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From Knowledge Economy to Automation Anxiety: A Growth Regime in Crisis?

O’Donovan, N (2019) From Knowledge Economy to Automation Anxiety: A Growth Regime in Crisis? New Political Economy. ISSN 1356-3467

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Abstract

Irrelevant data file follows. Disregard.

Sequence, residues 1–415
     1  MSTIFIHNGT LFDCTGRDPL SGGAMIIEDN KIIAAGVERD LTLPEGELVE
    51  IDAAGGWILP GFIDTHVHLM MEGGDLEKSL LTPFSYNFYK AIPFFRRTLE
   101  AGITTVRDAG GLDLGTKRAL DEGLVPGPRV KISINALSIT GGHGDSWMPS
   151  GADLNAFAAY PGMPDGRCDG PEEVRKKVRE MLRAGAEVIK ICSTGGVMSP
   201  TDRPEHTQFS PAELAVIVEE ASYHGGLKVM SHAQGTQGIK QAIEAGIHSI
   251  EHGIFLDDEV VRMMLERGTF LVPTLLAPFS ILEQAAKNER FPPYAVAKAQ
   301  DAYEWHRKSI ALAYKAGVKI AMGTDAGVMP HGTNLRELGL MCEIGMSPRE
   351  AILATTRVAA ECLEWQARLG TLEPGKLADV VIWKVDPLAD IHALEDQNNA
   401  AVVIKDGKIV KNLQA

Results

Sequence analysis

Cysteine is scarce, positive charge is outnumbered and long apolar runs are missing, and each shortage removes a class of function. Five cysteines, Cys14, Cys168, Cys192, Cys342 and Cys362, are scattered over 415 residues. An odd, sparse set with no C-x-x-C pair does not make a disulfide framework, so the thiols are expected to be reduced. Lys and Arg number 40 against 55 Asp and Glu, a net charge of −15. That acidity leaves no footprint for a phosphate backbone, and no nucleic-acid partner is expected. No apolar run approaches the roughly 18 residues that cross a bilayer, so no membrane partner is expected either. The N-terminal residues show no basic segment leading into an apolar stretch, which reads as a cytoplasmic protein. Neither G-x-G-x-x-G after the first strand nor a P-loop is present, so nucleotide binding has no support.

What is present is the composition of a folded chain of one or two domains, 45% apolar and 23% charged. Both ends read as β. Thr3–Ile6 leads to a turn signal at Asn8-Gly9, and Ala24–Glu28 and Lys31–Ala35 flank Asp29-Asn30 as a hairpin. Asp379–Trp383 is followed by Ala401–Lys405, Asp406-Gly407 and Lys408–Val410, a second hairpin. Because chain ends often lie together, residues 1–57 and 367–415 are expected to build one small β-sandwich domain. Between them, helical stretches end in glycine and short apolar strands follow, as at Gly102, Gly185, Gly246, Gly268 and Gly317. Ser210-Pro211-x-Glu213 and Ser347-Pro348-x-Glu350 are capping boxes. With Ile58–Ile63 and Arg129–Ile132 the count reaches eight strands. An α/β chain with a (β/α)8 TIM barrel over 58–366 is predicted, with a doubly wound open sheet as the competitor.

© 2019, © 2019 Informa UK Limited, trading as Taylor & Francis Group. In the 1990s, the ‘knowledge economy’ was hailed as a key driver of future prosperity by progressive policymakers in developed democracies. According to its proponents, in the knowledge economy, companies and countries alike would succeed by cultivating workers’ knowledge–as opposed to traditional forms of capital such as plant and machinery. This had radical implications for public policy, implying that education reform and other supply-side interventions could deliver inclusivity as well as prosperity. Today, however, this benevolent vision of the social and economic impacts of technological progress has been superseded by an altogether more dystopian view, associated with automation and the rise of artificial intelligence, as well as transformations in the digital economy and the evolving nature of globalisation. This paper analyses that transition. It charts the key assumptions of the knowledge economy concept, through an intellectual history that focuses on how these ideas manifested themselves in the rhetoric of the UK Government under Tony Blair. It then shows how evolving understandings of the digital economy, technological progress and globalisation challenge these assumptions, and the policy agenda that was premised on them.

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